Boutique investment firm Quantum Asset Management and discretionary fund manager Morningstar Investment Management have separately approached the Financial Sector Conduct Authority (FSCA) to ask it to investigate how Stanlib has handled the winding down of the Stanlib Africa Property Fund. The unit trust was closed in August 2017 after it received a number of large withdrawal requests, but assets left stranded in the fund have now lost three quarters of their value.
Stanlib decided to close and liquidate the fund more than two years ago, in an attempt to protect investors after certain holdings had become problematic. Around 24% of its portfolio at the time was held in listed property in Zimbabwe, Mauritius and Nigeria. Currency shortages in Zimbabwe meant that it was impossible to get money out of the country, and the stocks in Mauritius and Nigeria were so thinly traded that it wasn’t possible to sell them at a fair price.
Liquidating the fund was, however, hardly an ideal outcome. It raised questions about Stanlib’s handling of the liquidity risk in the portfolio, and has left investors in a compromised position.
That is because, 24 months later, the Zimbabwean, Mauritian and Nigerian assets still can’t be sold. They remain in the portfolio, and their value has fallen by 75%.
Quantum held the Stanlib Africa Property Fund in three of its funds of funds. Its submission to the FSCA notes that another 23 funds co-branded with Boutique Collective Investments (BCI) were also invested in the Stanlib Africa Property Fund.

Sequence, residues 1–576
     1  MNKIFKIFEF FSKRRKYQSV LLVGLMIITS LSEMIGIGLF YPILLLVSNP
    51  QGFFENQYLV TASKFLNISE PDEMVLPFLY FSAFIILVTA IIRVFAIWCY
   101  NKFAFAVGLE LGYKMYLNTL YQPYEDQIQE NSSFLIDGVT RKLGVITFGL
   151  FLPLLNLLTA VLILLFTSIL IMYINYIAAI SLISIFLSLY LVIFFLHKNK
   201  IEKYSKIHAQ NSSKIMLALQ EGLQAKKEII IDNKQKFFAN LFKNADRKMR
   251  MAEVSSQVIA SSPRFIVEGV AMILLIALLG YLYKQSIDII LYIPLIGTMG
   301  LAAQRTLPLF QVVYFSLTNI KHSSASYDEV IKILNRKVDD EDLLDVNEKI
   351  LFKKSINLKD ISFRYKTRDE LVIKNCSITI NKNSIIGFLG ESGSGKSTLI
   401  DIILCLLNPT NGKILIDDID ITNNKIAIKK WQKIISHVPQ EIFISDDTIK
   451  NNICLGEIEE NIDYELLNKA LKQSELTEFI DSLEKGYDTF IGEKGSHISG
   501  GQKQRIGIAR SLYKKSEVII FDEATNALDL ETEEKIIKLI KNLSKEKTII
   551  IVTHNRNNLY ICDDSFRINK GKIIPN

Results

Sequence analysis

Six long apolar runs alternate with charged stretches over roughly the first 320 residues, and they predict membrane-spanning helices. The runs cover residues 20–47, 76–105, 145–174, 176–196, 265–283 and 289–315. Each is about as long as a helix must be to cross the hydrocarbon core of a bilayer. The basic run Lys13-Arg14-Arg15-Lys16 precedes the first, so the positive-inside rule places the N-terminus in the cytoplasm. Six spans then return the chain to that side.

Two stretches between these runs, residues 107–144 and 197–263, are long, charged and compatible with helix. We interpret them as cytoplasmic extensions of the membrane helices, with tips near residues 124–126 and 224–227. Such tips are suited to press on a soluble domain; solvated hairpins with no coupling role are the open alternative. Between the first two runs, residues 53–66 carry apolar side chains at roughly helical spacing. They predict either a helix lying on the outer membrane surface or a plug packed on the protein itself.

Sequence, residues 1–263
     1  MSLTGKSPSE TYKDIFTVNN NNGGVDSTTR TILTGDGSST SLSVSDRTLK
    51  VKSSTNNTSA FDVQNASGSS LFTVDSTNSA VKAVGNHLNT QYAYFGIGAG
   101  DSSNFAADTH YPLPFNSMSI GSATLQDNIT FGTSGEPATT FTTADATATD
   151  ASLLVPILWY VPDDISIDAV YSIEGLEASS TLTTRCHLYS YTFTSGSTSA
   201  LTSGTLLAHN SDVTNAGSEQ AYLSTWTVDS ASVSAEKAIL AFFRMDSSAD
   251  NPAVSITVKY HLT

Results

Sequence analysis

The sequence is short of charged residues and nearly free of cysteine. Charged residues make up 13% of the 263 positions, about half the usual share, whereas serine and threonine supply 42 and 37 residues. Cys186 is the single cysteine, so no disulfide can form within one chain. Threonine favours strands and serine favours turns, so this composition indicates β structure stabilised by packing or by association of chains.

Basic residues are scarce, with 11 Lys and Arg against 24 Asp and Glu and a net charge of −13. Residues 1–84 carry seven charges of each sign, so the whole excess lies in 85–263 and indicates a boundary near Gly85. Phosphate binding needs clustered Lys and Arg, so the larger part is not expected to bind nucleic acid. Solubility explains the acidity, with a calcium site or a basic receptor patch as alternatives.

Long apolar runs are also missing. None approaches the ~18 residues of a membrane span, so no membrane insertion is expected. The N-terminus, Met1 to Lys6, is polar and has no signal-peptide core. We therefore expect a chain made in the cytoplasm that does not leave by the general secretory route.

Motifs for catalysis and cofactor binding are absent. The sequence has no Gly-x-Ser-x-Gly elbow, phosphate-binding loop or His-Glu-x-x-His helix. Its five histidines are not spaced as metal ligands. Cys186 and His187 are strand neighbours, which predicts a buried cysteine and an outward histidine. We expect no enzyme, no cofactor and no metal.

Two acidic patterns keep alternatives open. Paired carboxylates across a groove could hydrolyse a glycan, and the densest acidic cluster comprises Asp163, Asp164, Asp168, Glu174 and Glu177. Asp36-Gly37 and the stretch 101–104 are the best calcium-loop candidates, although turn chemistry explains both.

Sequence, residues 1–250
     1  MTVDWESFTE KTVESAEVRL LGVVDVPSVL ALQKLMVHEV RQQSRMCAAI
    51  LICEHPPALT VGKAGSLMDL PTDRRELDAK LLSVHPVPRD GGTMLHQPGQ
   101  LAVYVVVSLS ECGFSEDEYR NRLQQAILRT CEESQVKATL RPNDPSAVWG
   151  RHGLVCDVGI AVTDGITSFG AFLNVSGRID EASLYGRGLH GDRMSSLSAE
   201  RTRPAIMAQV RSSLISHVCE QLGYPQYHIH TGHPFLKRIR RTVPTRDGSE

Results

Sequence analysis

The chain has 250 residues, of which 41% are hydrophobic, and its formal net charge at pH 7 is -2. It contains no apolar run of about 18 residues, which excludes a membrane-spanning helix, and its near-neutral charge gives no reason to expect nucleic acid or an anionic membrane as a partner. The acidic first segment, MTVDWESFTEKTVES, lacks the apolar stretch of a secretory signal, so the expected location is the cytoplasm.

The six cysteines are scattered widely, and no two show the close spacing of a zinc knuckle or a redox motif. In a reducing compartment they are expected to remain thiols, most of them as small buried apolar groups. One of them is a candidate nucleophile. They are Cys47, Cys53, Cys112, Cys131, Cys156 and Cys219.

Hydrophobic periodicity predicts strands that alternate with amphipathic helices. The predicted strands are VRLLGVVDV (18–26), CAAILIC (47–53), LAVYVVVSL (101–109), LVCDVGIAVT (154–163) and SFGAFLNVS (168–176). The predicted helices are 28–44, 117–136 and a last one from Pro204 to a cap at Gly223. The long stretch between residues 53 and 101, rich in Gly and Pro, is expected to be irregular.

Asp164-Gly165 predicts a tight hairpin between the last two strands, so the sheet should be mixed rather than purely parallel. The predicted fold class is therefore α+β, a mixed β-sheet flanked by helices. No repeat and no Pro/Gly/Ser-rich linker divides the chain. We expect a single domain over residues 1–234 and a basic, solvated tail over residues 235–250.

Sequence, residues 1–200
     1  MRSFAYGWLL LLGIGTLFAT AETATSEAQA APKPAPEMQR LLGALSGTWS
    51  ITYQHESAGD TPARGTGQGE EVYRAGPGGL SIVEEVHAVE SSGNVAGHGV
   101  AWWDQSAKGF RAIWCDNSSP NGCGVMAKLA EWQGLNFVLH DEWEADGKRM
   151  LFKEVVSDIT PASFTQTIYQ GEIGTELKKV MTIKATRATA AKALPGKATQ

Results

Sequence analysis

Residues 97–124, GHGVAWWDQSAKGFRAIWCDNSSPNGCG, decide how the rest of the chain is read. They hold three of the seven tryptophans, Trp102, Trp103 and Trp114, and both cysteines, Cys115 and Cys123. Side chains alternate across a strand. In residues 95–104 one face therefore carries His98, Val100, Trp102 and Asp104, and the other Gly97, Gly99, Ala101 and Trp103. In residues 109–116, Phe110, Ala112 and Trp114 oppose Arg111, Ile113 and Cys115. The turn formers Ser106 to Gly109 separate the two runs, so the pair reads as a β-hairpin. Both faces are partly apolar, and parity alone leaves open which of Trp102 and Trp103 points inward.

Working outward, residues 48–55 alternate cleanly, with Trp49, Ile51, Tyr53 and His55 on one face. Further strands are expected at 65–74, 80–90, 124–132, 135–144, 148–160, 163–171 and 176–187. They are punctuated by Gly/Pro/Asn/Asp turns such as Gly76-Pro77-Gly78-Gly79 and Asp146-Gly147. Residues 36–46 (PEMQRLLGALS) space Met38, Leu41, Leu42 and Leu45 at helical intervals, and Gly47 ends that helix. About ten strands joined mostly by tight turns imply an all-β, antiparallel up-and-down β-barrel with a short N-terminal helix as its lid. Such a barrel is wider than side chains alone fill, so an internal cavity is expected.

While Morningstar Investment Management did not invest in the fund itself, it took over the management of three unit trusts that had prior allocations to it. Both Quantum and Morningstar now argue that investors have been prejudiced due to decisions made by Stanlib.
“The most important aspect for us is the fair treatment for end investors,” states Victoria Reuvers, senior portfolio manager at Morningstar. “We would never recommend investing into a retail product offering that cannot offer daily liquidity and are very disappointed in the detriment that has been created by the inability for liquidity to be managed in this fund.”
The Stanlib Africa Property Fund was launched in 2012 and only marketed to institutional investors. No individuals invested directly in the fund, but because it was used in a number of fund of funds they were the ultimate investors in some cases.
The fund aimed to provide exposure to a potentially high growth sector in high growth African economies. Stanlib was however always clear that it was a high risk investment. The fact sheet also stated that “where exposure to foreign investments is included in the fund there may be additional risks, such as potential constraints on liquidity and the repatriation of funds”.
These potential liquidity problems were a concern for many investors from the start. African stock markets outside of South Africa are generally illiquid, and investing in only a narrow sector like listed property is even more so.